Raiding St. Nazaire
, Part One
By David Lippman
April 2015

On March 27, 1942, Admiral Karl Doenitz, the head of Germany’s U-Boat arm, left his headquarters at Lorient on the Bay of Biscay, to inspect construction progress on the massive submarine pens being built at the St. Nazaire base on the River Loire. Greeted by the commander of the 7th U-Boat Flotilla, Lt. Herbert Sohler, Doenitz got the complete tour. In the course of the inspection, Doenitz asked Sohler, “What are you going to do if the British attack this place?”

Sohler told his boss that emergency orders had already been issued for such an eventuality, but it was considered unlikely that a British raiding force could sail up the Loire River, with its shoal water and mud banks, past an array of German guns, and land troops in the port to damage his facilities.

Doenitz was not convinced. He answered, “I should not be too sure.”

Neither of them knew it, but less than 24 hours before, a British force of one old destroyer, two new ones, and 18 smaller vessels, carrying 611 commandos and sailors, had sailed from Falmouth – to attempt just such an attack.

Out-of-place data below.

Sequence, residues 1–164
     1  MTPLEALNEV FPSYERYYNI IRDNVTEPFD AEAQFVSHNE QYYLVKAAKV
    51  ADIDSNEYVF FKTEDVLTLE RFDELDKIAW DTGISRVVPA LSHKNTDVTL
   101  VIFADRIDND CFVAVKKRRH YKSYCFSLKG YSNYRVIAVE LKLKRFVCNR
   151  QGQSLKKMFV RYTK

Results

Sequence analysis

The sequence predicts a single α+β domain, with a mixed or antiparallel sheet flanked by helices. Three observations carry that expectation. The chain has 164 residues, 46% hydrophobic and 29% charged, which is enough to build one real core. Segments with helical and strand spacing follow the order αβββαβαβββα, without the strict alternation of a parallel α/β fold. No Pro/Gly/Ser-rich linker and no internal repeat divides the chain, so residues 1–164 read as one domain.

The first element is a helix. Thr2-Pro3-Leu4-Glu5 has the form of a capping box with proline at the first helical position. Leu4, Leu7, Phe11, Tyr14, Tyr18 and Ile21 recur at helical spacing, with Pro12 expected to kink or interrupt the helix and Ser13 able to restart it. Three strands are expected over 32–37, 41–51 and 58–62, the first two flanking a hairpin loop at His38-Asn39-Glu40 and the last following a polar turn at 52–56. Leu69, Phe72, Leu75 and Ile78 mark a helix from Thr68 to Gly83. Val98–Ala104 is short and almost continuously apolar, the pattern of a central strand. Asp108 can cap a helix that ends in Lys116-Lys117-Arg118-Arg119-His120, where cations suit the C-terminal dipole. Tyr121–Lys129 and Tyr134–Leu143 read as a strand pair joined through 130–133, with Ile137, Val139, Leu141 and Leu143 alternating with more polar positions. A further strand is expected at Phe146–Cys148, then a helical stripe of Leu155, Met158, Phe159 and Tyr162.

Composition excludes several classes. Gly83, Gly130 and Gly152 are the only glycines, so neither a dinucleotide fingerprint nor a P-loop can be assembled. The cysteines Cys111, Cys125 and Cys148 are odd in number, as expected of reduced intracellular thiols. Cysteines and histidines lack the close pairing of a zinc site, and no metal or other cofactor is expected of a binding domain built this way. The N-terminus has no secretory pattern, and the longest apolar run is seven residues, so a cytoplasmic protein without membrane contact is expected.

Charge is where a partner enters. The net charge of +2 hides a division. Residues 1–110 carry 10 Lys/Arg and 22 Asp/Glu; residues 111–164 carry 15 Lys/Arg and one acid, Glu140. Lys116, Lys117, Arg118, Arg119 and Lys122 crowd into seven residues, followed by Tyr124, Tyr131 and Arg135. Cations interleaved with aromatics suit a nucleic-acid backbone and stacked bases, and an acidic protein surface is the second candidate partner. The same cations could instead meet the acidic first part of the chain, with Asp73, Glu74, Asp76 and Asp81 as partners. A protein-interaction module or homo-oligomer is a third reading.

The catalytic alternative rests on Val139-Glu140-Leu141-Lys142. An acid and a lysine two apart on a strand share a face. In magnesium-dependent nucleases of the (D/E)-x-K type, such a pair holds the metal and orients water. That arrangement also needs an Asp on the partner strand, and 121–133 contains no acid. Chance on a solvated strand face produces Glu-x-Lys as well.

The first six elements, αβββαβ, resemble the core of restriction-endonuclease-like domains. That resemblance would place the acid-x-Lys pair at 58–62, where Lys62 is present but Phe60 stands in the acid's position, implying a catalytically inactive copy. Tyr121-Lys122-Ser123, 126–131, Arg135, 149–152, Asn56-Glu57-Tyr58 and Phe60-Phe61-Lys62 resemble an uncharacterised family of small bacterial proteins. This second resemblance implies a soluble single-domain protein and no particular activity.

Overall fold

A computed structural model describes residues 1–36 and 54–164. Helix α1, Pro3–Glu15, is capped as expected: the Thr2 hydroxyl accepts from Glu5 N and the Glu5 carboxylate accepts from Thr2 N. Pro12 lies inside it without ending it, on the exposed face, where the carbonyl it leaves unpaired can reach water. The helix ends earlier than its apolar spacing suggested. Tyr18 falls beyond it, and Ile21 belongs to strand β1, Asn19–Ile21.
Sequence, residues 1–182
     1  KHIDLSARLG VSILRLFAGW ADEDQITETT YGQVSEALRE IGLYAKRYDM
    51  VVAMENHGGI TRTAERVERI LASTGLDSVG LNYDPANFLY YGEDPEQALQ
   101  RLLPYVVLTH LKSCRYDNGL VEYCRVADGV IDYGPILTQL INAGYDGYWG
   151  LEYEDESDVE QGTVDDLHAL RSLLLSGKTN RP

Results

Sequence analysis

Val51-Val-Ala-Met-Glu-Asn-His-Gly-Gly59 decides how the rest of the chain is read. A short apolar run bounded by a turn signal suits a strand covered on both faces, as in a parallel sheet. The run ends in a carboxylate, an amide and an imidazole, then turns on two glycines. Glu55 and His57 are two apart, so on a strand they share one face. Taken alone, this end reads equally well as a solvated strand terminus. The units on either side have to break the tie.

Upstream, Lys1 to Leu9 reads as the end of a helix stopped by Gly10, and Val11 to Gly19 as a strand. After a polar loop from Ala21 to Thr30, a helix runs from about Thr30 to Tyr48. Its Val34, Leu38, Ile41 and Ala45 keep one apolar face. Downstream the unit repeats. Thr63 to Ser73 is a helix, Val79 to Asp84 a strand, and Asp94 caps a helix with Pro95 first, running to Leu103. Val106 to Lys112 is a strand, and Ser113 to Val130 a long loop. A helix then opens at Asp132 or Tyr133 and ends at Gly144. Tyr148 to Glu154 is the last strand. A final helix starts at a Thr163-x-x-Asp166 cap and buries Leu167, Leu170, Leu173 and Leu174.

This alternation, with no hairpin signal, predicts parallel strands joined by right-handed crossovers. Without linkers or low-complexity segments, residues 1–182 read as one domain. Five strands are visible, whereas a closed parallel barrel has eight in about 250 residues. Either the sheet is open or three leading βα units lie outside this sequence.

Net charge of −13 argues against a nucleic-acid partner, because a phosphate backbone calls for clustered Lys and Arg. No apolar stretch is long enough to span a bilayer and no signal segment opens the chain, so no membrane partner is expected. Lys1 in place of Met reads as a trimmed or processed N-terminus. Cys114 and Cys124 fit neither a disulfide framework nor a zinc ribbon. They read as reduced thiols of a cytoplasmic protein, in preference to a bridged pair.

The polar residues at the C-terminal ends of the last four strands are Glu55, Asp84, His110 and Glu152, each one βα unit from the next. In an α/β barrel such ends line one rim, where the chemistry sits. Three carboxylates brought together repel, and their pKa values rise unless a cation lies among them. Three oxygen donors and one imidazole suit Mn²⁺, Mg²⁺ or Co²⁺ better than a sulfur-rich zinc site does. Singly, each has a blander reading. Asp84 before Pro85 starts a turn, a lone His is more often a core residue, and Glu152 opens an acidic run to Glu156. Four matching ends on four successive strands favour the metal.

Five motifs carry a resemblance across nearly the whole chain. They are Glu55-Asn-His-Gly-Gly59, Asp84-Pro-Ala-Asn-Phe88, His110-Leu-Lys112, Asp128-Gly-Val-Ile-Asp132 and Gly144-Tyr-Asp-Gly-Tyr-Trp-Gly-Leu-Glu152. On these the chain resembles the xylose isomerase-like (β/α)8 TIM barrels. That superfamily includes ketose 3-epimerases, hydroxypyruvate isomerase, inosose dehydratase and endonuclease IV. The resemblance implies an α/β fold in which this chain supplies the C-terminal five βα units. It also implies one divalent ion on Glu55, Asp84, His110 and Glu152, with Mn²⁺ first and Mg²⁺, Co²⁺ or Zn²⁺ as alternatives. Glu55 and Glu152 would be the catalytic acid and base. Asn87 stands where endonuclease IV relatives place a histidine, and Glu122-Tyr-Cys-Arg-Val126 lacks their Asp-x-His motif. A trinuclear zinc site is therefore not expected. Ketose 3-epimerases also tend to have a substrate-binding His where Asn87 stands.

“Operation Chariot” owed its beginnings to the great sea chase of the German battleship Bismarck the year before, when the mighty dreadnought tried to head for St. Nazaire after being damaged in her battle with the British battleships Hood and Prince of Wales. The port had the only drydock on the French coast big enough to accommodate Bismarck: the Forme-Ecluse Louis-Joubert, named for the President of St. Nazaire’s Chamber of Commerce, but generally called the Normandie Dock, as it was built to construct the legendary 80,000-ton French liner Normandie, launched in 1932. The dock was 1,148 feet long, 164 feet wide, and lay roughly north to south.

The Normandie drydock.

The dock was also designed as the primary means of access from the man-made inner basins of the port to the Loire, with two caissons: one at the north end, facing the port, the other at the south end, on the Loire. Each caisson, or gate, was 167 feet long, 54 feet high, and 35 feet thick, built as sectional steel boxes, and weighed 1,800 tons. Ironically, the caissons were built by MAN in Germany.

Winding houses on the dock’s west side rolled the caissons into cambers to open it to ships. A pumping house near the south caisson controlled the water level in the dock. Thus the dock could handle either the functions of transit passage for shipping or construction and repair yard.

Now the immense drydock no longer accommodated French ocean liners, but German warships, and was a difficult target to put out of business. The dock was some distance up the Loire River, which made it safe from naval bombardment. The Royal Air Force lacked both the bombers and precision ability to hit such a narrow, well-defended target.